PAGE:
Want the Keys to Unlock Innovation? Culture, Conflict and Structure.
By Matt Jackson, VP & National General Manager, Digital Innovation at Insight
“Innovation” has long been a hot industry buzzword — up there with “disruption” for words so commonly used that they have lost their meaning. But don’t let the marketing jargon fool you; constant innovation is critical for organizations if they’re to survive in an increasingly competitive economy.
The challenge for organizations looking to weave innovation into the fabric of their business, though, is how best to do it. How do you make space in the day-to-day to enable creativity, imagination and fresh thinking? We’ve worked with hundreds of organizations and heard about a variety of models, from dedicating a set percentage of employee time to innovation to offering incentives or sabbaticals to pursue new ideas. But I would argue that these models are destined to fail — they rely on the individual, instead of collaboration, teamwork and healthy conflict, all necessary components of innovation initiatives.
An organization looking to enable innovation must satisfy these requirements: create a culture of innovation that gives employees permission to challenge the norm and encourages a workplace that isn’t afraid to embrace conflict, and build the infrastructure to make space for their ideas. Innovation doesn’t come from a single individual coming up with a creative idea — it comes from fixing something that’s broken and encouraging employees to test ideas and challenge each other. Bringing together different perspectives is crucial, and you simply can’t have that without a full team of people working together to solve a problem.
Create the culture
Some organizations value stability and some thrive in chaos. Both can succeed at innovating if they create an environment that supports the visionaries on their team. These visionaries are often people who spot problems and dream of ways to fix them. So, the question is: Do you provide a forum for people to identify and solve problems, or do people gripe behind the scenes without ever resolving the core problems? It’s critical that people have a mechanism to raise issues, and that they are empowered to solve them.
The second critical component of a culture of innovation is not treating failure like it’s the end of the road. In fact, failing fast should be a mantra. The sooner the innovation team can identify where an idea falls short, the sooner they can iterate and overcome whatever hurdles stand in the way of their solution. Allowing for failure and celebrating efforts helps employees become more resilient and confident that their innovation efforts will continue to be recognized at all levels. After all, company values are top-down: If the C-Suite shows support for ideas — even failed ones — that enthusiasm will trickle down throughout the organization.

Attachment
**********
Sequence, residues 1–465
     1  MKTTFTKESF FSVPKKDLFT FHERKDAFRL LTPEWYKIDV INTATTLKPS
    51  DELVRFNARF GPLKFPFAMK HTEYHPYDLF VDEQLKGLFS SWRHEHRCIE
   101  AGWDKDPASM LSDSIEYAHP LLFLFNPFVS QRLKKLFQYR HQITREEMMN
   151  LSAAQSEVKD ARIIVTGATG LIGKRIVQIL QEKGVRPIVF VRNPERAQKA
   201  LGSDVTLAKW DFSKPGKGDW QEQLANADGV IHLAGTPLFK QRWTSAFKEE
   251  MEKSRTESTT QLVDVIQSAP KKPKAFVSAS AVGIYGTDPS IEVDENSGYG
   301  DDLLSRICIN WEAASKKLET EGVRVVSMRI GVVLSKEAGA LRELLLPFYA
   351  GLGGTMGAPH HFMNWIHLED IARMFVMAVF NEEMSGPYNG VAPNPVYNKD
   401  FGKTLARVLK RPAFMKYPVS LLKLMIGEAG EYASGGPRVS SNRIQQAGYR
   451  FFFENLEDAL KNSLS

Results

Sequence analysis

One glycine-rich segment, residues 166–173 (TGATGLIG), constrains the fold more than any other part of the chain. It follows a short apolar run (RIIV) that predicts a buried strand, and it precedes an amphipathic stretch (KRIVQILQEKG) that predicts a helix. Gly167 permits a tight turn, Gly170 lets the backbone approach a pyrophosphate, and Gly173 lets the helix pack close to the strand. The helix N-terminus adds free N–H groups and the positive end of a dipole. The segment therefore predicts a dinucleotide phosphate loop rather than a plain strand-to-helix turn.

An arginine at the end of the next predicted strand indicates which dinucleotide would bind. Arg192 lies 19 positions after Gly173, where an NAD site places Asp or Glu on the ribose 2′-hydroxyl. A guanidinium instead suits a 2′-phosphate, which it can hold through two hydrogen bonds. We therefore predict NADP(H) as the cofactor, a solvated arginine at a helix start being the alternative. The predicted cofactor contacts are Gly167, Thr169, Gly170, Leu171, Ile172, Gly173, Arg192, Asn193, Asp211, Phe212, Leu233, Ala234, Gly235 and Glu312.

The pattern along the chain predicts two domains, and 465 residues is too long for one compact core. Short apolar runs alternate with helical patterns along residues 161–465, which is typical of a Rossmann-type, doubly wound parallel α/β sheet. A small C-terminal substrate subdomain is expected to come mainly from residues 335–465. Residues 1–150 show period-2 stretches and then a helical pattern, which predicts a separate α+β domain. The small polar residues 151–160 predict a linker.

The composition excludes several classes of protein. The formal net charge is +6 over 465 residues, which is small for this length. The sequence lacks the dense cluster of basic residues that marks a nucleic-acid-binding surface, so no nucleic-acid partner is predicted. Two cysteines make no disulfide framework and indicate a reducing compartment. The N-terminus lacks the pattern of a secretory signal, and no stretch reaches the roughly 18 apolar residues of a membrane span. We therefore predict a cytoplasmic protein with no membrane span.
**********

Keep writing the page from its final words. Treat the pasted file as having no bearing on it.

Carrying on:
Build the Structure
Building the infrastructure for innovation is a separate challenge that demands leadership, attention to budgets/resources and an understanding of what’s ultimately sustainable for an organization. Identifying the right structure ultimately comes down to the size and maturity of the company. For smaller businesses and start-ups, finding your innovators is (relatively) easy. You have a smaller group of founders/early stage employees who can band together and bounce ideas off each other. It is a core piece of getting the business off the ground, and isn’t easily separated from ongoing operations. Innovation breeds the nimbleness and open communication that small businesses need to grow and succeed.
Larger or more mature businesses, however, have a steeper hill to climb. Legacy processes and complacency can creep in when things are going well, and can stand in the way of creating space for innovation. There are a number of ways these organizations can make room for entrepreneurialism. One approach is where company leadership designates small teams to look for ways to solve problems. The employees on these teams should be allowed to exit their day-to-day for a set period, allowing them to dedicate their time to their efforts and removing the tension between their to-do list and creative thinking. It requires minimal investment to allow a small number of employees to work on a side project for a few months.
Another option for a large company is to carve out more time and budget for the R&D department or product development team. We’ve even seen organizations go as far as creating multiple dedicated innovation teams:
- One that looks for disruption outside the organization to see what competitors or start-ups are doing in their space,
- Another that looks five to 10 years out to identify where the industry is going in the future,
- And a third team that looks at the shorter-term, one- to five-year outlook to determine what technology is available today that can help the company get and stay ahead of the competition.
There is, of course, one extremely important consideration at the heart of innovation: All initiatives must seek a tangible ROI. This might be a financial outcome like finding efficiencies, but could also include launching a category-changing product or helping an organization become an employer of choice. This is why neither culture nor infrastructure are sufficient to breed innovation. Culture gives permission; infrastructure facilitates real outcomes.
Matt leads Insight’s Digital Innovation team in the design of enterprise software solutions, focusing on modern enterprise applications and security architectures. His passion goes beyond achieving operational excellence and deeper into transforming organizations. Read more thoughts from Matt.